How do you keep yourself active and healthy without going over your budget?

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{ read the comments below or add one }

  • Witty Artist says:

    Nice article. Having the workout done at home or jogging in a park is free and has the same effects. I can also have some exercise done together with my friends, thus it’s also even funnier.
    Thanks for the tip regarding the books borrowed from the library. I saw some cooking books in the bookstore, but a little expensive and didn’t figure out it they were worth it.

  • Jennifer says:

    Great article. Totally agree with what you’re saying. I am just at the beginning of my “epic” journey to go from couch potato to uber-fit, and I don’t have an extra nickel in the budget to spare. So I bought decent shoes, some fairly inexpensive workout clothes, and I am running. Using a free podcast from iTunes to teach me how to run properly. It’s definitely possible to get fit for next to nothing.

  • CreditShout says:

    Most gyms (especially locally owned ones, not like Planet Fitness) will give you a huge discount, even on personal training, if you can get a couple friends to go with you. This is all great advice though, and timed perfectly for everyone’s new year’s resolutions.

  • Lucas says:

    I’d give one additional piece of advice. Check out your company’s wellness plan to see if they offer any breaks on a gym membership. Heck, I’m a high school teacher, and my school offered a deal where my wife and I were able to get a lifetime gym membership at a great gym (babysitting included at no extra cost) for just $30 a month. Some of the Fortune 500 companies in our part of the Midwest offer similar great deals.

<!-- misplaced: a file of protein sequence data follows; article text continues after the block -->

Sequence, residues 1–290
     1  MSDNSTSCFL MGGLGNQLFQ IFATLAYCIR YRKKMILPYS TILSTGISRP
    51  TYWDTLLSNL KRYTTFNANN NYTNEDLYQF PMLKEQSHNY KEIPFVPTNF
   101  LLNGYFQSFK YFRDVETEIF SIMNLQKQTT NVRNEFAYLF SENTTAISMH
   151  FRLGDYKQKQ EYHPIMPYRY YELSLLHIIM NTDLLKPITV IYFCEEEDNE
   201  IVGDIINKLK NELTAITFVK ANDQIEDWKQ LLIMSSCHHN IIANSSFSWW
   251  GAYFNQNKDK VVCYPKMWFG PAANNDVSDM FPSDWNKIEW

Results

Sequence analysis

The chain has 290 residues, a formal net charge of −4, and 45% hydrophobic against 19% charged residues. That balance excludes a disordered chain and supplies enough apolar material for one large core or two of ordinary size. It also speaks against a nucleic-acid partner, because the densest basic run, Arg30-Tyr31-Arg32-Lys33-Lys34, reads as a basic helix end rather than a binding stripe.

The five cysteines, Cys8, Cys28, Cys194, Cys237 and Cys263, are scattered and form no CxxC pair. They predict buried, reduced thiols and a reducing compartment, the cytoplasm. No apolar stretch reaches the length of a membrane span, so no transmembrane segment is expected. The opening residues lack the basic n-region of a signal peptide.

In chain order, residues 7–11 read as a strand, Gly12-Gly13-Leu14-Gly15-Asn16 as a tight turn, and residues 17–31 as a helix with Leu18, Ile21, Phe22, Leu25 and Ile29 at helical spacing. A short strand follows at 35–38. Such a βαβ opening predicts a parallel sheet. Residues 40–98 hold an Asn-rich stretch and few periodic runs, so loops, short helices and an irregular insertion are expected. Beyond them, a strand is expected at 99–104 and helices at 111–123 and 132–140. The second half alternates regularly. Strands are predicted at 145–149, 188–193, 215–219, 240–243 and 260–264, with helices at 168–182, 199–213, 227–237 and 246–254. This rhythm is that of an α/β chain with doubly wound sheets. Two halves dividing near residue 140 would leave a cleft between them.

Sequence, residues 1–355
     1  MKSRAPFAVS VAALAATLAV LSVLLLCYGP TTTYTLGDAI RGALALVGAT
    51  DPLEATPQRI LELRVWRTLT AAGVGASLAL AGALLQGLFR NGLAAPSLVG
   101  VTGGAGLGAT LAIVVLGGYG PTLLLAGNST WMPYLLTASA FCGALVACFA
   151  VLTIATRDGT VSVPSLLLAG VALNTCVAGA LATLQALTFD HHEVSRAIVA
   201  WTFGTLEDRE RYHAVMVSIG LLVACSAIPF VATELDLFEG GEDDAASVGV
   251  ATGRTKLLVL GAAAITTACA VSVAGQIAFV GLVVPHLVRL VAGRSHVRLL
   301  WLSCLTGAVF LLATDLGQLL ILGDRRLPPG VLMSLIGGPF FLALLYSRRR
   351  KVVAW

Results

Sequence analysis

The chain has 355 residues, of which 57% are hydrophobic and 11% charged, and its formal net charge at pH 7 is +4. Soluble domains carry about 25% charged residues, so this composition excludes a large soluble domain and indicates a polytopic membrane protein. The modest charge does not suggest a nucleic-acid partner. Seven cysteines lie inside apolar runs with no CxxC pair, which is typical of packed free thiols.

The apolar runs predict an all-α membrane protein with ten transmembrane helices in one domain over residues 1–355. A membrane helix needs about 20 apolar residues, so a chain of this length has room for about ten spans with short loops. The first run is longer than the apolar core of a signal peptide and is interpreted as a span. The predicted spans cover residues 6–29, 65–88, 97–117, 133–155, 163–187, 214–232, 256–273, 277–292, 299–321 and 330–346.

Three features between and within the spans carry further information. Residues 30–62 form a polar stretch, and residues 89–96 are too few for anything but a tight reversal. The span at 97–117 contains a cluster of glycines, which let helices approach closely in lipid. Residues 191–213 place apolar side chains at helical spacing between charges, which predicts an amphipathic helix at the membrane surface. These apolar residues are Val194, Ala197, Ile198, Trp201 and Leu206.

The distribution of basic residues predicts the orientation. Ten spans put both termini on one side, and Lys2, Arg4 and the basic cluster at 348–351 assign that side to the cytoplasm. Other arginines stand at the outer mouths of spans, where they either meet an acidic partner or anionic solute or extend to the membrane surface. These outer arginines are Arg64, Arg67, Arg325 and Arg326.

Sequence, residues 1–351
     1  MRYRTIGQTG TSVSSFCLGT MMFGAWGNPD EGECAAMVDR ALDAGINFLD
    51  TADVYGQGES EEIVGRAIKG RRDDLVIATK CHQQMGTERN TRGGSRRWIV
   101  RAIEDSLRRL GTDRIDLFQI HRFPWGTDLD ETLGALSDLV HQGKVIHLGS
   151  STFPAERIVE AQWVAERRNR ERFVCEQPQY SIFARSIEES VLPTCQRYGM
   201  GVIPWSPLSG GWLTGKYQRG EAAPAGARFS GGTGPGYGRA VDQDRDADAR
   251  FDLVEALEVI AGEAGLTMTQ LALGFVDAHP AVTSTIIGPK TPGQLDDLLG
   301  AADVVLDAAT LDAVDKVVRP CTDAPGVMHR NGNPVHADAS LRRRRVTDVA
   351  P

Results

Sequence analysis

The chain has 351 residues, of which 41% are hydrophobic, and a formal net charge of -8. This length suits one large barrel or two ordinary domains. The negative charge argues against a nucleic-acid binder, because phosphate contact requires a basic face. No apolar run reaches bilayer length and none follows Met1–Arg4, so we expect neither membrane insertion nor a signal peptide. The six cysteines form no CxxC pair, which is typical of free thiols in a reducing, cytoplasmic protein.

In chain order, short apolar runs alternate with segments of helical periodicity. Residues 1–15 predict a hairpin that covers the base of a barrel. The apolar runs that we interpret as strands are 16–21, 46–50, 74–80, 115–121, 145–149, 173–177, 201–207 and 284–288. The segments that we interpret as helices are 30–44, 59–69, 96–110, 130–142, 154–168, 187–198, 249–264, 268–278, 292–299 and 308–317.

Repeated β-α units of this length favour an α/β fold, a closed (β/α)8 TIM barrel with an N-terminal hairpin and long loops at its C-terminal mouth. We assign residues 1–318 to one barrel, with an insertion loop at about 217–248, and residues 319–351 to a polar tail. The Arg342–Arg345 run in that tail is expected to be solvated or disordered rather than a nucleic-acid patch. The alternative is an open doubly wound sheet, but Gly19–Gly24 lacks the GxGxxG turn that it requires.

• M.B. says:

    We live in a climate with long, cold, snowy winters and don’t care walk on icy sidewalks so we feel our elliptical was a good investment. It was not the cheapest and not the most expensive one, but it has stood up well to being used about two hours a day whenever we can’t go outdoors.

    We, too, would rather be outdoors and bike, hike, and do some tent camping when the weather is nice.

  • Janet says:

    I’m an avid at-home workout person. It’s much more realistic to get up before work and walk to my living room than drive to the gym, and it’s definitely cheaper. I did buy a couple of workout videos, and I change it up with OnDemand Exercise TV.

    I have friends with gym memberships who invite me from time to time. Works for me since I’m not a gym rat. I’d rather by outdoors if it’s nice or in my own home if it’s early in the a.m. and I’m working out.

  • WashingtonSavingsBank says:

    Great advice. There is no need to spend a lot of money on an expensive gym membership or specific types of fruit and produce if you shop around. Do your research and take some time to figure out what exactly it is that you want. You’ll likely be able to find something that meets your needs and keeps you happy without requiring you to spend a lot of money.

    • Anna says:

      Weights can be expensive, yes, but if you’re only looking for hand-weights there’s a very cheap alternative: Collect several containers with handles (i.e. milk or juice jugs, etc.), and fill them with water to add weight. You can fill it to various intervals, weigh it, and use permanent marker to create lines for more precise pound measurements. Voila. Instant weights, at ~$0.02 each (including labor).

  • KM says:

    Running outside is free. So is doing push-ups and lifting weights (after you purchase the weights themselves, which are rather inexpensive) and you can change the way you lift them to target the necessary muscles. Hiking only costs the gas to get to the mountains. But I swim year-round, so I pay for a gym membership and only use the pool because I find treadmills boring – I prefer changing scenery.

  • Briana @ GBR says:

    Thankfully I’m about to get a free gym membership at my job, which is exciting. I will also be paying much more attention to what I’m eating, and getting coupons to cut down on the cost of food.